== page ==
Consequently, as it stands, health care providers are at liberty to enter mandatory arbitration agreements with their patients. There are reasons for and against. It is much less likely arbitrators, as opposed to jurors, will award excessive damages based on emotion or some other illogical impulse. However, jurors, all in all, have treated health care providers, particularly physicians, relatively well, with many a defense verdict. It is the infrequent eye-catching verdict that creates a different, inaccurate, perception. It is not the aberrant jury verdicts that contribute most to the cost of medical malpractice insurance premiums; it is the cost of investigation and defense of claims.

If an agreement is made with a patient to arbitrate malpractice claims then every claim, regardless of severity or merit, would be eligible for arbitration. Arbitration, especially as proscribed by Chapter 766, is not an inexpensive proposition and agreeing to any other form of arbitration would, based on this ruling, seem to jeopardize enforcement. The economics of arbitrating them all would be hard to justify as the global cost could exceed the alternative cost of litigating them on an as-needed basis. An agreement which gives the health care provider the discretion to choose which claims to arbitrate and which to litigate could be drafted but until such an agreement was interpreted by the courts its enforceability would be in doubt.

Only a small fraction of malpractice claims end up in trial. Claims are abandoned and lost on the merits by rulings of courts. With obligatory arbitration, it is likely that fewer claims would be abandoned and there would be no mechanism for having them involuntarily disposed of prior to arbitration. The cost of taking a case to trial and other practical and procedural hurdles which must be overcome to get there can be daunting to would be claimants and their counsel. This serves as a deterrent much more than would an absolute entitlement to arbitrate claims.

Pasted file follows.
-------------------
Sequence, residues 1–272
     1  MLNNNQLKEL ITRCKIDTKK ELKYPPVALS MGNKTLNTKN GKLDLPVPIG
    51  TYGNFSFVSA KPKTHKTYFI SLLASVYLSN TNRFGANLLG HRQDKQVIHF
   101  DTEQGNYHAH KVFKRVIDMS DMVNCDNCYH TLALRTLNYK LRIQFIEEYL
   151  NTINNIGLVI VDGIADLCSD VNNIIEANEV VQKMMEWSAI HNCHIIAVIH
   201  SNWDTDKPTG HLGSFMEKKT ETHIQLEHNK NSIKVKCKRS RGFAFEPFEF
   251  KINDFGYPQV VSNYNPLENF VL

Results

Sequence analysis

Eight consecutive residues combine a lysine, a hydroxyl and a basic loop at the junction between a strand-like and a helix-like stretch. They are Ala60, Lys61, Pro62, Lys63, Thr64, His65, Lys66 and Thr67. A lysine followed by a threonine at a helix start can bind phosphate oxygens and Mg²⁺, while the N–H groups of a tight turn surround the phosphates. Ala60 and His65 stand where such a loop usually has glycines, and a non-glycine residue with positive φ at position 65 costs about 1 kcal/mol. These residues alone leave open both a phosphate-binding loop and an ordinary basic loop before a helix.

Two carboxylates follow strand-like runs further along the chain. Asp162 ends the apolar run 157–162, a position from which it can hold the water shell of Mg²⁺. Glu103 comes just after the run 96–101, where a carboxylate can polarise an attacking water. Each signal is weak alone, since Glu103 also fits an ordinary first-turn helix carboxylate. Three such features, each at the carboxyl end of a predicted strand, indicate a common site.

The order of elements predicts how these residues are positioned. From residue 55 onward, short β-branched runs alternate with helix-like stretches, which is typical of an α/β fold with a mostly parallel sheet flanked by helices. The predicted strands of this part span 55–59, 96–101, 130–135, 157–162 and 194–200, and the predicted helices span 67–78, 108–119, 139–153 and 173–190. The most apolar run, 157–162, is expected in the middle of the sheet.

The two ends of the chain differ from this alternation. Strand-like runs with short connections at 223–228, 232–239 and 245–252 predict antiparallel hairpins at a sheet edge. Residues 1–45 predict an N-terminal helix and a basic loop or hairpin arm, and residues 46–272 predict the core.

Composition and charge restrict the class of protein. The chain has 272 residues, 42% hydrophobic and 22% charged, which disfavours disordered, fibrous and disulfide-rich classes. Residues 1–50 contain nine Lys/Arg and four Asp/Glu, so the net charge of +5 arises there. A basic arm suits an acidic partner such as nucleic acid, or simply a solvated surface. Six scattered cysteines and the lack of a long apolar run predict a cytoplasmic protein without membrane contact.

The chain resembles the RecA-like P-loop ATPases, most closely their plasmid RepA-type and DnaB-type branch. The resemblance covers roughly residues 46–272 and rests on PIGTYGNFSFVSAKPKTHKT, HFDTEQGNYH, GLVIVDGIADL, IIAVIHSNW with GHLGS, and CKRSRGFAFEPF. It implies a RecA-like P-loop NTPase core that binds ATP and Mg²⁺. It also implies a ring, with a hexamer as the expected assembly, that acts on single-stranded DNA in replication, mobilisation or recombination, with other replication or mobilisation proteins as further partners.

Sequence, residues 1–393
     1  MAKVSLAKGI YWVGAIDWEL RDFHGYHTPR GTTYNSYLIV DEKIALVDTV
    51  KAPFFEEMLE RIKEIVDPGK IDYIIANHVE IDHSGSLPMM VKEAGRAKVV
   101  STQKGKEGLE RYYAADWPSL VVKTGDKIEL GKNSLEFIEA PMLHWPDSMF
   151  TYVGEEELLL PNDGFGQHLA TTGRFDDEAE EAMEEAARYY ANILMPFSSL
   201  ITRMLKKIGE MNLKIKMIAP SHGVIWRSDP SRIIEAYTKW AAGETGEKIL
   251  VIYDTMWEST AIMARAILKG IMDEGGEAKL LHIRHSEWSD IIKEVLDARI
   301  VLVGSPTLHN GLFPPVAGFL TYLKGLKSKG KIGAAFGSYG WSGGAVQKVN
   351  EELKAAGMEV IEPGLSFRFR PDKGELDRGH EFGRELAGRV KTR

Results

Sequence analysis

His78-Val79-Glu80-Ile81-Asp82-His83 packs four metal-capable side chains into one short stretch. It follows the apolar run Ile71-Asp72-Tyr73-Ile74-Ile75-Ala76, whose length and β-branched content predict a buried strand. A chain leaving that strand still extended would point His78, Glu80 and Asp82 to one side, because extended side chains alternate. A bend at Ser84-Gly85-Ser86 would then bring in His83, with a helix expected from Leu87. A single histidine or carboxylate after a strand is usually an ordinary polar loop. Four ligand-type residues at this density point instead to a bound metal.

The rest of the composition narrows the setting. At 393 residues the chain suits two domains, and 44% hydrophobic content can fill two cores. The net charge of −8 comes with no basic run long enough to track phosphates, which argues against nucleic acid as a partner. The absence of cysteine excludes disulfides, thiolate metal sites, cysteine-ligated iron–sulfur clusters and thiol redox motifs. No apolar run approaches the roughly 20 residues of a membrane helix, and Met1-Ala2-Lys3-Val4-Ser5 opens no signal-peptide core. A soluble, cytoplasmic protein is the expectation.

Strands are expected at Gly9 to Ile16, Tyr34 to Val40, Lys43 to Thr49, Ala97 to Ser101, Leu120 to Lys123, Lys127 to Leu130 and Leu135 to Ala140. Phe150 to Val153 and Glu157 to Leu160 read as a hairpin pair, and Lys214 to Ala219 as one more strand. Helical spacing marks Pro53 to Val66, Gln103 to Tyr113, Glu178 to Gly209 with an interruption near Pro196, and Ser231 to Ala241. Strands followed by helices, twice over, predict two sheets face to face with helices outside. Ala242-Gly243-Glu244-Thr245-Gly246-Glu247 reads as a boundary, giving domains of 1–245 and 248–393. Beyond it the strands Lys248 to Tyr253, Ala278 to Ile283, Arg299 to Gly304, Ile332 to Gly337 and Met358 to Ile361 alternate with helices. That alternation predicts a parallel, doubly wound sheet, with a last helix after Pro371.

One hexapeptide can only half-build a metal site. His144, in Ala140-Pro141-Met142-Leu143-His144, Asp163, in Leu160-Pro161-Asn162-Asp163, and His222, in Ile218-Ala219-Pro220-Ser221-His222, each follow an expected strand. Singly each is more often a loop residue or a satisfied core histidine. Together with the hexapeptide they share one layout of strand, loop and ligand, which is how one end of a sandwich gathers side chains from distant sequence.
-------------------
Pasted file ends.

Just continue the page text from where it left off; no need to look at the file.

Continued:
Intellect and analytical skills which might enable an arbitrator to dispassionately and effectively sort through complex matters of alleged malpractice might also predispose them to find fault where an average juror would not. There are no guarantees that the success rate with arbitrators would be better than with jurors or even that the total awards would be less. There are incidental benefits of arbitration, including that it is private and therefore embarrassment and damage to reputation can be minimized and scheduling is more within the control of the parties than is typical in the court system.

Health care providers who wish to consider entering mandatory arbitration agreements with their patients should confer with legal counsel and their malpractice carrier for input. Those in specialty areas prone to catastrophic injury, and therefore more susceptible to large awards may have more compelling reasons to do so. Care must be taken in drafting agreements or they could be fatally flawed and useless.

As for prospective negligence claim targets not subject to Chapter 766, unless there is a statutory scheme in place for the kind of claims which might be brought against them, which includes arbitration and which does not prohibit waiver of rights, this case does not give assurance, one way or the other, that they would be enforced.

Greg Snell is an attorney with the firm Snell Legal, The Business Lawyers, who provides representation in business litigation matters, including the representation of physicians and other health care providers in both litigation and non-litigation matters. Mr. Snell can be contacted to assist with preparing an arbitration agreement, to obtain a copy of the Franks case, or for any other reason at 386-677-3232 or For more information on Mr. Snell see